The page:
Physical Birth Trauma & the Brain-Injured Baby: What Should Mothers Know?


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History of Childbirth Physical Trauma

For over a quarter of a millennia, doctors have recognized that physical or mechanical trauma at birth can endanger the fetus and damage or destroy fetal tissues.1 Prior to the Revolutionary War, one of the fathers of obstetrics, a Scottish doctor named William Smellie, had this to say: "In lingering labor, when the head of the child has been in the pelvis so that the bones ride over one another and the shape is prenaturally lengthened, the brain is frequently so much compressed that violent convulsions ensue before or soon after delivery to the danger and oft times the destruction of the child."2

Physical Birth Trauma Today

Birth Trauma - Vacuum Extractor

Despite centuries of advancements in medicine and technology, the fact is that head trauma to fetuses and babies still occurs too frequently during labor or delivery. In labor, when the baby's head descends (usually upside-down) before its body through the birth canal, there is a potential for physical damage to the fetal scalp, scalp layers, skull, lining inside the skull (dura), veins underneath the dura, and/or brain tissue. Of course most vaginal deliveries result in none of these injuries or, if they do, the injuries are normally minor from the head-compressive forces of labor. This includes compression against the mother's uterus or pelvic bone, such as with molding of the skull, and fluid or bloody fluid beneath the outer scalp layer (caput succedaneum) or just underneath (cephalohematoma) but outside the skull. Thankfully, these injuries normally resolve in the first few days of life. Rarely, however, these labor forces on the fetal head can be so strong that they can result in bleeding between the scalp layer and the skull bone (subgaleal hemorrhage); and, this type of injury is most commonly seen with use of instruments deliveries, e.g. vacuum extractors or forceps, to deliver the baby.3 Subgaleal hemorrhage can cause so much blood loss that a baby can develop shock and die.4 With excessive traction on the baby's head from use of forceps or a vacuum extractor, the skull can even be fractured, or bleeding can occur beneath the skull, which is known is epidural or subdural hemorrhage or hematoma. Birth Injury - Skull fracturesThese types of injuries may result in permanent damage, depending on how quickly they are recognized and how properly they are treated. Moreover, these same instruments, when used improperly, can cause damage to vessels underneath the skull or in the brain or brain ventricles, resulting in intracranial bleeding, blood clots, stroke, and permanent injury. These injuries can also result in the following effects from the brain injury: shock from blood loss, hypotension (low blood pressure), apnea (periods of no breathing), bradycardia (slow heart rate), seizures, cardiopulmonary arrest and death. Surviving babies may have developmental delays, intellectual disabilities, cerebral palsy (involuntary motor dysfunction due to brain injury), and other serious neurological problems.5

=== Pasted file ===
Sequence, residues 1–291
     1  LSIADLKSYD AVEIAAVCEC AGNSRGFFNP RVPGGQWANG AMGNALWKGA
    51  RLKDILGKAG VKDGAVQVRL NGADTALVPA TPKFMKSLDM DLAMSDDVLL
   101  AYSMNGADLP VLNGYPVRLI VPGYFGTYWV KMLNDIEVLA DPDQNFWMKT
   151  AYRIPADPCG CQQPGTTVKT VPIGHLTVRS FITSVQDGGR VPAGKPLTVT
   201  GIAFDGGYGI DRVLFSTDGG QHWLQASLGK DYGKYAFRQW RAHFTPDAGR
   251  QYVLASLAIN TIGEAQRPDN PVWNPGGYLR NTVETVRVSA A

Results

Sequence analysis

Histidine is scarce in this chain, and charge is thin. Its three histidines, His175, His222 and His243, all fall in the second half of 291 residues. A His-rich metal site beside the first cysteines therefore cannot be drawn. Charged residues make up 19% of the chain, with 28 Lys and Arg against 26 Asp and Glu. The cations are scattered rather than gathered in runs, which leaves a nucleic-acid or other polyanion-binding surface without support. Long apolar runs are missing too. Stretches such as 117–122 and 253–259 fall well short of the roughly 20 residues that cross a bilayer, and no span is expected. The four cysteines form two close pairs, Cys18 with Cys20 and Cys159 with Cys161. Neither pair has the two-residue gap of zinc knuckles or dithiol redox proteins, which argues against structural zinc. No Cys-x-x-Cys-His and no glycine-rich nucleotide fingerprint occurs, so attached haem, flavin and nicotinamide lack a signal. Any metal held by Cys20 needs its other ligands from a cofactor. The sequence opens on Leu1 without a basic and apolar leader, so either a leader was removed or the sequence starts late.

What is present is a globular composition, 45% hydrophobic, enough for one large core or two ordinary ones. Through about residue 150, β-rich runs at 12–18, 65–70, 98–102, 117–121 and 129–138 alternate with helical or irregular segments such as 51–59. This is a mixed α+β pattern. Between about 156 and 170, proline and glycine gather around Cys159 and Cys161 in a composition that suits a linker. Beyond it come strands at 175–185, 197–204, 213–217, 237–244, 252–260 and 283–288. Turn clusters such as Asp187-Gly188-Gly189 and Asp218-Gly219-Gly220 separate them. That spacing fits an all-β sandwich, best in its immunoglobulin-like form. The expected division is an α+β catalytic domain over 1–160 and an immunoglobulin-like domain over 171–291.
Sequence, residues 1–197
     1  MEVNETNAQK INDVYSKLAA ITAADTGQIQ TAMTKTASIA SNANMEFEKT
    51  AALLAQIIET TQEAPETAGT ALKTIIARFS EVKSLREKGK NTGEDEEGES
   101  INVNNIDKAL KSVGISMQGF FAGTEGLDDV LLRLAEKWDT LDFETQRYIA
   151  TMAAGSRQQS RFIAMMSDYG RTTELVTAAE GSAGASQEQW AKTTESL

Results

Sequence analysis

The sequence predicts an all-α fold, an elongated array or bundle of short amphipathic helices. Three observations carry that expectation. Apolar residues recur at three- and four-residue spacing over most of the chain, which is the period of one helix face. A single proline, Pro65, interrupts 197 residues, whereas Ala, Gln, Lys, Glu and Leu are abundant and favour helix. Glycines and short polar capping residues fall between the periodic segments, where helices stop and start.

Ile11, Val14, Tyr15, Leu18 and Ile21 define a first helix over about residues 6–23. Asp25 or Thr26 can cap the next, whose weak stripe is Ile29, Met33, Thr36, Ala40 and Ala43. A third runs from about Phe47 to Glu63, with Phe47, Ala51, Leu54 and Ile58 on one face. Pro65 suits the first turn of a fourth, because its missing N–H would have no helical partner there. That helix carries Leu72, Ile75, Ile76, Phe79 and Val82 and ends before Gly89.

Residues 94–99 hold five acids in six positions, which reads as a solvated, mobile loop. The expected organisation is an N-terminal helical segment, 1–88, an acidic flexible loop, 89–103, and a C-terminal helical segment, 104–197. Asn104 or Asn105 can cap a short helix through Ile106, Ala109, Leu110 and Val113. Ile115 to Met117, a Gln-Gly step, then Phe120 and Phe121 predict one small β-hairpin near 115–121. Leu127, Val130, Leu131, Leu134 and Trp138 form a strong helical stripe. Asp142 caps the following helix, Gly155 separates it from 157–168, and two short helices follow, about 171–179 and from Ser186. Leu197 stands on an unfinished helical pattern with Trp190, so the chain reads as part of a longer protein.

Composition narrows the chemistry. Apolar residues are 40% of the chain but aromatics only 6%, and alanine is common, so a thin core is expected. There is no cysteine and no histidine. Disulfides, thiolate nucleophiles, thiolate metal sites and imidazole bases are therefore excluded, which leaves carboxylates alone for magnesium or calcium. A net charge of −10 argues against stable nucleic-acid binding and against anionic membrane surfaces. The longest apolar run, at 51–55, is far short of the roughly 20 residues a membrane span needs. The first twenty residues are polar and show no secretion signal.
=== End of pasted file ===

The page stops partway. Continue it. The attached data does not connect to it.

Vulnerability of the Fetus

To understand why a fetus or baby is at such risk with the improperly utilized vacuum extractor or forceps, two things must be appreciated. First, the baby's skull is very different from the adult skull because the connecting skull bones are not yet fused; this is why babies have fontanelles (soft spots) with just connective tissue between the skull bones, so-called "cranial sutures." So, the force from a vacuum extractor can displace and/or damage the bones, sutures, veins, and/or tissues, etc. Secondly, manufacturers of vacuum extractors warn doctors and midwives to be careful using these devices for precisely these reasons.6

The Current Warnings